That’s when I had an idea.

Among all the collateral on StrawberryFrog’s site they feature an interactive booklet titled, frog versus dinosaur. In a children’s story format, it details how the big established agencies are “dinosaurs” and why StrawberryFrog is the next evolution in advertising. It’s fun, cheeky, and gives me a sense of their personality. Look through it first otherwise my next step is going to seem crazy, although that might be true regardless.

I decided to write and illustrate my own interactive booklet. Taking cues from their art style, I crafted a story about a StrawberryTadpole who one day dreamt of becoming a StrawberryFrog. For those slow on the metaphors, StrawberryTadpole is me. Once I created a gmail account for the occasion, I sent this booklet to the original address as well as the direct email of the Chief Executive, Scott Goodson, and, his second-in-command, Tiffany. But I didn’t stop there. I also created a twitter account @strawberrytpole, writing tweets from the character’s voice and @ing the Chief Executive when appropriate. All of this took place on October 7th and continued forward from that date–I waited, I tweeted, and hoped for the start of a conversation.

Picture 8

After all the time since October 7th, I received two responses. One was from a guy looking for work at StrawberryFrog, he read my booklet and thought I already worked there (at least I look the part). The other was on twitter from the Chief Executive himself, stating, “Cool.” In fact, due to the timing of the @ reply, his response likely wasn’t directed at the story I made, rather a tweet I sent him about a great pumpkin carving.

Picture 11-1

That’s the end of it. I couldn’t get a basic conversation, let alone discuss working for free. So, why post this failure at all? I could have kept it a secret and saved myself the shame. It’s because there’s no shame in taking a risk. I refused to sit idly and hope to get noticed–I got off my ass and tried to make things happen for myself. And, like a lot of good risks, it failed. I’m proud of the booklet I made. I’m proud of myself for taking a chance, dedicating hours to a project I knew full well might have zero return. And, the best part is, I’ll just keep moving on to the next thing, taking another risk. If StrawberryFrog ever decides to talk to me, they’re welcome to do so. The door is always open, I’m just not waiting by it anymore.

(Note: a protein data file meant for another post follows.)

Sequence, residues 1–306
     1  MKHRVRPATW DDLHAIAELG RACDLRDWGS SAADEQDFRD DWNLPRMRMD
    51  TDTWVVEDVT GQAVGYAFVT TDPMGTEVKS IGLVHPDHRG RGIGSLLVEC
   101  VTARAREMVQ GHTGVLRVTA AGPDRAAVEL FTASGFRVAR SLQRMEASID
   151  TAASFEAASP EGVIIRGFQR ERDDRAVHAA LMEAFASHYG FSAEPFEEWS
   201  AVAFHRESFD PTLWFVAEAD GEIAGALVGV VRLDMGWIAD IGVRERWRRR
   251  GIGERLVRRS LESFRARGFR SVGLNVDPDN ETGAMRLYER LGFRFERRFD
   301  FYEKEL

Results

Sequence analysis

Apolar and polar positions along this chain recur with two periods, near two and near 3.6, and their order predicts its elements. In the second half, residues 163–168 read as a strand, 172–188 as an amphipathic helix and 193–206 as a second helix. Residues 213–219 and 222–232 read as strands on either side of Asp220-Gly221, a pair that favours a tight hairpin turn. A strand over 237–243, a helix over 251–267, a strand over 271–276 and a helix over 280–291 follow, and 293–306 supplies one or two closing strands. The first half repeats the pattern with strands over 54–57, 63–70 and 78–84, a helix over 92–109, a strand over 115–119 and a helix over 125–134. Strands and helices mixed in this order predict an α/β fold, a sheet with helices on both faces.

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Filed under Ideas, Marketing/Advertising, Shameless Self Promo

Phillies Game: The Phinal Mission

baseballI was never much of a baseball player growing up, the positions I was assigned are proof of that. Far left field and catcher–both required little movement on my part, especially left field (honestly, how many kids do you think were hitting out that far?). Still, who could pass on all the lemon-lime gatorade and big league chew that came with dawning a recreational league uniform? Not me. Skilled or not, I saw it through and can thank baseball for some of my best memories, the fondest of which resides in Shea stadium.

When you’re ten years old, it’s one thing to play in little league, but it’s another to visit a major league stadium with your Dad. Can you imagine the first time? The sheer scale of the structure. The tremendous roar of the crowd. A magical world where items as basic as water are sold for five times their regular value. Ahh yes, the ball park is a wonderful place to be. So when Ford told me that this month was my opportunity to see a live baseball game, my second one ever, I was sold.

Truth be told, even with television available, I hadn’t really watched baseball or many other traditional sports since that trip with my Dad. If I do watch any sports on TV, they’re always more obscure, stuff like World’s Strongest Man, Sumo, Lumberjacking, and Competitive Eating–basically anything that would air on ESPN2. However, my lack of “game-watching experience” wouldn’t damper my excitement because this wasn’t just any live game, but Game 4 of the playoffs for the title-defending Phillies. This game was part of a bigger story, and, after thirteen years since my last live game, I was going to be a part of it.

You can watch the video at the bottom of the post for a glimpse into the Fiesta shenanigans. My friend, Angel, and I were seated in the 32nd row by the third base side. They were awesome seats (Thanks Ford!). Before you jump to the video, there were three things which I consider highlights from the game that weren’t included in the footage:

1) We were seated in a section with the only two visible Dodger’s fans in full fan garb. They seemed like nice enough guys, but fan tensions wouldn’t allow something like good-nature get in the way. Their presence definitely stirred the sea of red jerseys and led to many hilarious/tense moments when they cheered their visiting team.

2) The Kiss Cam is something they do in stadiums to rouse the crowd. If it lands on you, you’ll see yourself on the big screen, and that means it’s smooching time. Of course, this can usually lead to some funny moments where they accidentally picked a brother and sister, causing them to feel incredibly out of place. However, this Kiss Cam segment was punctuated by the operator focusing on a lone visitor in the stadium. He was way up in the corner, talking on his cell phone, oblivious to his presence on the giant screen. The tune All By Myself began to play, and that, my friends, is comedy.

3) It got a lot colder toward the end of the game so I was in the mood for some hot chocolate. My friend, Angel, was already leaving to get himself a soda and asked if I wanted anything. I told him “hot chocolate.” He asked if I wanted anything on it. I thought to myself, maybe whipped cream or marshmellows, but then shook my head ‘no’ deciding the stadium might charge extra for such a luxury. He then returned, placing a hot dog in my lap. He swears I said, “hot dog.” I swear I said, “hot chocolate.” We both swear it was hilarious.

Well, in the words of Michael Jackson’s World Tour: this is it. This was my final mission of six and my time with the Fiesta will wind down along with the month of October. You can view the full extent of my adventures at the fiestamovement site. What else can I say after an experience like this? Even long roads end.

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Filed under Ford Fiesta

Black Tie Unfair

Formalities